At the open house, a number of volumes from the Dr. Robert Shomer rare book collection were on display. In addition, Dr. and Mrs. Alfred C. Steinhoff explained how the collection had been acquired and described plans for its preservation.

There were also several exhibit cases full of instruments, material medica and other veterinary memorabilia. Another notable item included a World War I veterinary uniform that belonged to Dr. Richard Detwiler’s father, Dr. Russell S. Detwiler. It was also possible to view the work and processing areas and storage shelving. Also discussed were current and future plans for receiving and cataloging new and existing items and expanding the Museum’s physical facility in coming years.

An array of delicious refreshments was provided, including many Pennsylvania Dutch specialties, such as Shoofly Pie.

Despite the rain showers and sultry weather, everyone enjoyed the visit and appreciated the opportunity to see this emerging museum and its exhibits in person.

The day-long program adjourned at 7pm for the return trip to Philadelphia.

Compiled by

Susanne Whitaker
Secretary-Treasurer, AVMHS

Sept. 13, 2004


2004 – 2005 Officers and Committees

Officers:

President

Dr. Raffaele A. Roncalli 
29 Louise Drive
Milltown, NJ 08850 
Ph: 732-940-4070 (Home)
Fax: 732-940-7881  
Email: r.ron@att.net

Past President

Dr. Sidney Ewing
College of Veterinary Medicine
Oklahoma State University
Stillwater, OK 74078-2006
Ph: 405-744-8177 (Office)
Fax: 405-744-5275
Email: saewing@cvm.okstate.edu

President – Elect

Prof. David J. Williams
School of Vet Medicine
Purdue University
G226 Lynn Hall
West Lafayette, IN 47907-1245
Ph. 765-494-1156 (Office)
Fax: 765-494-6197
Email: djw@vet.purdue.edu

Secretary/Treasurer

Susanne K. Whitaker
23 Wedgewood Drive
Ithaca, NY 14850-1064
Ph: 607-253-3499 (Office)
Ph: 607-257-9248 (Office)
Fax: 607-253-3080
Email: skw2@cornell.edu

Web Masters

Dr. Robert McClure
University of Missouri
101 Bingham Road
Columbia, MO 65203-3577
Ph and Fax: 573-449-4497
Email: mcclurer@missouri.edu

C. Trenton Boyd
Veterinary Medical Library 
218 Veterinary Medicine
University of Missouri
Columbia, MO 65211-5120
Ph: 573-882-2461 (Office)
Fax: 573-882-2950
Email: boydT@missouri.edu

Board Members:

C. Trenton Boyd (term through 2006)
Veterinary Medical Library 
218 Veterinary Medicine
University of Missouri
Columbia, MO 65211-5120
Ph: 573-882-2461 (Office)
Fax: 573-882-2950
Email: boydT@missouri.edu

Dr. Debbie T. Ladry (term through 2005)
1431 Rang Centre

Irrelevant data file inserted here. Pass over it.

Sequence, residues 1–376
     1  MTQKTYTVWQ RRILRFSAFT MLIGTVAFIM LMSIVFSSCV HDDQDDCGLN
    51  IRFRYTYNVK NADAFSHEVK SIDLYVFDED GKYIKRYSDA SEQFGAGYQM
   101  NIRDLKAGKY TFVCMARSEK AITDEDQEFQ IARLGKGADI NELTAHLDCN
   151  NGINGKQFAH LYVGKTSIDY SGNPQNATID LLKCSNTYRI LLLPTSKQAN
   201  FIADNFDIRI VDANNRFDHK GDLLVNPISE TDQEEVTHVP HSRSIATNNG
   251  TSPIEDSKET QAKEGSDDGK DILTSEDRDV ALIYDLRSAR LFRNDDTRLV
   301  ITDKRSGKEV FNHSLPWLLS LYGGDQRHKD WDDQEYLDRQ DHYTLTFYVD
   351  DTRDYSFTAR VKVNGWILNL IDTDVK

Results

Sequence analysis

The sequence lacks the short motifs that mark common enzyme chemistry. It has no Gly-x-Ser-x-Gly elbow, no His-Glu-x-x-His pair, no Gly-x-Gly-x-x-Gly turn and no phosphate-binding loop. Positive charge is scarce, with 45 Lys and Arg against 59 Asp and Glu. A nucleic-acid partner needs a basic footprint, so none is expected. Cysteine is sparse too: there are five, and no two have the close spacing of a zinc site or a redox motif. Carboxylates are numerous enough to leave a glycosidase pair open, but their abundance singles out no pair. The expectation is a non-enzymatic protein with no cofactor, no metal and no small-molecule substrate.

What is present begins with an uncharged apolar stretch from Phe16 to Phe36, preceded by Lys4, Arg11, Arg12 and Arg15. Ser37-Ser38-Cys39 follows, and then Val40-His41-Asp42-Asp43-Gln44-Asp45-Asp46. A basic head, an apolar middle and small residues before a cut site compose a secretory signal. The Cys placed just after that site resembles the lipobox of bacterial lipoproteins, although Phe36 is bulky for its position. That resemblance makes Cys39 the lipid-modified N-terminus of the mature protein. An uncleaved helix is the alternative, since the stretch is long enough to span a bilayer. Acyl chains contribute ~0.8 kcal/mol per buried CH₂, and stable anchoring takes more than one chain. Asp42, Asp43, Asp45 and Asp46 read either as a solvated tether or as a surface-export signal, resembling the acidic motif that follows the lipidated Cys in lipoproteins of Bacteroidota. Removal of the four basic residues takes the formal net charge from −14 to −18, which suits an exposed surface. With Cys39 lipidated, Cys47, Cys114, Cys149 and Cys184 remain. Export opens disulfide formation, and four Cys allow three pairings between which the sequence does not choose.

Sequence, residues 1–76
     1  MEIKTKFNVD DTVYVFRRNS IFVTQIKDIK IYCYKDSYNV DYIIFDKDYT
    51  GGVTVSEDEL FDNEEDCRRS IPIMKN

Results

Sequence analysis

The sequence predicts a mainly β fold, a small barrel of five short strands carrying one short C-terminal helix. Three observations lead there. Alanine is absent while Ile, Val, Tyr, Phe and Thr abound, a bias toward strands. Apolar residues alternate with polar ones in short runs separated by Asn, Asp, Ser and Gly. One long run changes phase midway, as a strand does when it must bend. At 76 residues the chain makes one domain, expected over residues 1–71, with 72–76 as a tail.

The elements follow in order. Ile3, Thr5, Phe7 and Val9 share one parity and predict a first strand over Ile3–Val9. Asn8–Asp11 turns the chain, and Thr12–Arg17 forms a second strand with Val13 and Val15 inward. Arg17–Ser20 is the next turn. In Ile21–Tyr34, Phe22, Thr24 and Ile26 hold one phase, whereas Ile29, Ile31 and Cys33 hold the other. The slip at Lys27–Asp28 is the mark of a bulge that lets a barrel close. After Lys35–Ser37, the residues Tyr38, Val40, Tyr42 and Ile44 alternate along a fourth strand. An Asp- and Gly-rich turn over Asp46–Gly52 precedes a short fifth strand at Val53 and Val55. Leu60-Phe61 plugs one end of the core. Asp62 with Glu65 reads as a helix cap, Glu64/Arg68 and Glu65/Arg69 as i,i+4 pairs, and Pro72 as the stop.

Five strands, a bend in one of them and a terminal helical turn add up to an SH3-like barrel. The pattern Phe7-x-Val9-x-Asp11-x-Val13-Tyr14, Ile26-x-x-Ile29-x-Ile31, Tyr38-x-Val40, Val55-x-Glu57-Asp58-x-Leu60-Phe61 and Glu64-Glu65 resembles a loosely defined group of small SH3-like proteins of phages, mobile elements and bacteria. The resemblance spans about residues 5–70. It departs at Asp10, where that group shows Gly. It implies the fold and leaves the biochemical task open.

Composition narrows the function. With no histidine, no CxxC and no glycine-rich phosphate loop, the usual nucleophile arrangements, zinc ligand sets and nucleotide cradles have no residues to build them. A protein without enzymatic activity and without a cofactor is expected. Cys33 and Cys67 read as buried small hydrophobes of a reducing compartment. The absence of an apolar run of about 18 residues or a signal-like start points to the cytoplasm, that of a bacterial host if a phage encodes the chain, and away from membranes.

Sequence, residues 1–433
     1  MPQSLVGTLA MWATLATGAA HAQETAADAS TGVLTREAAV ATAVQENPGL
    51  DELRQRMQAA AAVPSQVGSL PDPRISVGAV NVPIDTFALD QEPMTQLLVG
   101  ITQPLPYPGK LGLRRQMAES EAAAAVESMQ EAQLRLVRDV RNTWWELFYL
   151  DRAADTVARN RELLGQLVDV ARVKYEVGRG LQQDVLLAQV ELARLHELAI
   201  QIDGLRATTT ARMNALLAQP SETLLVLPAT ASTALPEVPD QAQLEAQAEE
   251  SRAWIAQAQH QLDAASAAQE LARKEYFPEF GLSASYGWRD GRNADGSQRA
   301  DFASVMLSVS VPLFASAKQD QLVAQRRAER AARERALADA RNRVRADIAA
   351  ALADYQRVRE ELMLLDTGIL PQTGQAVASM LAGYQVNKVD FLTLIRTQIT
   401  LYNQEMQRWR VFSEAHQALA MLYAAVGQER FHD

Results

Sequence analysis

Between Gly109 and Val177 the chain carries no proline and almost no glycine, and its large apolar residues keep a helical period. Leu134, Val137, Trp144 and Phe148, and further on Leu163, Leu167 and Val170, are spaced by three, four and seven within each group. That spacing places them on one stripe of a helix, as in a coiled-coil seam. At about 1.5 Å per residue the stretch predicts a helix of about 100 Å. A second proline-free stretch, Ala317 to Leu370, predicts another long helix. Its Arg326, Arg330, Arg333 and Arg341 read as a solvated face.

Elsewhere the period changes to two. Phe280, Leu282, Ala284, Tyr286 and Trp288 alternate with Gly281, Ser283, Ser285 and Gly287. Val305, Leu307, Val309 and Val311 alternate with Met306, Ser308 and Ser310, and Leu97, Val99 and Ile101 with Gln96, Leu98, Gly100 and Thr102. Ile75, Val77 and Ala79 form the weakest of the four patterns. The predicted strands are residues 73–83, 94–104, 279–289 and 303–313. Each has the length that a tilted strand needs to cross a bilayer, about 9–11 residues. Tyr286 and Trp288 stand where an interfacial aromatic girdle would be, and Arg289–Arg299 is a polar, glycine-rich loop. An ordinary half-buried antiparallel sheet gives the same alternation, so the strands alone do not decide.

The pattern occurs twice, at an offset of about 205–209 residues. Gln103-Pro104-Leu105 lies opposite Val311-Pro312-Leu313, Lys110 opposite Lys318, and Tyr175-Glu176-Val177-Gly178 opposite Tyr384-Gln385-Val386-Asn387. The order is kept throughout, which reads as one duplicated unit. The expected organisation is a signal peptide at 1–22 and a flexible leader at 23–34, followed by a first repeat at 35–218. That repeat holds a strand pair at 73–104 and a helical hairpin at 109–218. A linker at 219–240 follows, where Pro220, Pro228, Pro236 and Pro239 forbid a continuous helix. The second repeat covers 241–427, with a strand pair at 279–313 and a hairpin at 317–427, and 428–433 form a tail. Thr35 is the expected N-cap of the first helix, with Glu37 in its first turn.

Garthby GOY 1BO
Quebec, Canada
Ph: 418-458-1145
Email: lucdebbi@globetrotter.net

Dr. J. Alford (“Al”) Moore (term through 2006)
5534 Green Timbers
Humble, TX 77346-1948
Ph: 281-852-2395
Email: VETAL@aol.com

Dr. (Brig. Gen.) Thomas Murname (term through 2005)
6804 Benito Court
Fort Worth, TX 76126-2301
Ph: 817-731-8917
Fax: 817-731-8917

Committees:

Endowment & Life Membership Committee

Dr. Charles Eastin I, Chair 
2250 Bryan Station Road, Route 10
Lexington, KY 40516
Ph. 859-299-5388
Email: cheastin@cs.com

Members:
Susan Jones, D.V.M., Ph.D., ex-officio
Dr. Phyllis Larsen
Dr. Leo L. Lemonds
Dr. George Lewis

Finance Committee

Susanne Whitaker, Acting Chair
23 Wedgewood Drive
Ithaca, NY 14850-1064
Ph: 607-253-3499 (Day - Office)
Ph: 607-257-9248 (Evening – Home)
Fax: 607-253-3080
Email: skw2@cornell.edu

Dr. Charles (Mac) Larsen
Dr. (Brig. Gen.) Thomas Murnane
Prof. David J. Williams

Nominating Committee

Trenton Boyd, Chair
Veterinary Medical Library 
218 Veterinary Medicine
University of Missouri
Columbia, MO 65211-5120
Ph: 573-882-2461 (Office)
Fax: 573-882-2950
Email: boydT@missouri.edu

Dr. Phyllis H. Larsen
Dr. Leo L. Lemonds

SMITHCORS Essay Contest

Dr. Sidney Ewing, Chair  
College of Veterinary Medicine
Oklahoma State University
Stillwater, OK 74078-2006
Ph: 405-744-8177 (Office)
Fax: 405-744-5275
Email: saewing@cvm.okstate.edu

Members:
Dr. Sebastian Heath
Dr. Raffaele A. Roncalli
Dr. J. F. Smithcors

Veterinary Heritage

Dr. J.F. Smithcors, Editor and Chair 
736 Calabria Drive
Santa Barbara, CA 93105 
Ph: 805-682-5268 (Home) 

Prof. David J. Williams, Managing Editor
School of Vet Medicine
Purdue University
G226 Lynn Hall
West Lafayette, IN 47907-1245
Ph. 765-494-1156 (Office)
Fax: 765-494-6197
Email: djw@vet.purdue.edu

Members:
Dr. Susan Jones
Dr. Debbie T. Ladry, News & Comment Contributor
Dr. Phyllis Larsen
Dr. Phil Teigen

WAHVM Committee – 36th World Congress
Dr. Susan Jones, Chair
Department of History
Campus Box 234
University of Colorado
Boulder, CO 80309-0234
Ph: 303-492-2931 (Office)
Fax: 303-492-1868
Email: jonessu@colorado.edu

Members:
Dr. Robert Dunlop
Dr. Sebastian Heath, ex-officio
Dr. Phyllis Larsen
Dr. Robert McClure
Dr. Ole Stalheim
Dr. Phil Teigen

Special AD-HOC Committees:

Liaison to Eastern Veterinary Hisotry Society (EVHS)

Dr. Phyllis Larsen
1675 Ellis Hollow Road
Ithaca, NY 14850
Ph: 607-539-6181 (Home & Fax)
Email: cml7@cornell.edu

Museum Project

Dr. Harold Davis
Mountain West Animal Clinic
410 S. 450 West
Springville, UT 84663
Ph: 801-489-9676
Email: solovet@juno.com

Veterinary Education

Dr. Charles Hendrix
166 Greene Hall
Auburn University
Auburn, AL 36830
Ph: 334-844-2688 (Home)
Fax: 344-844-2652
Email: hendrcm@vetmed.auburn.edu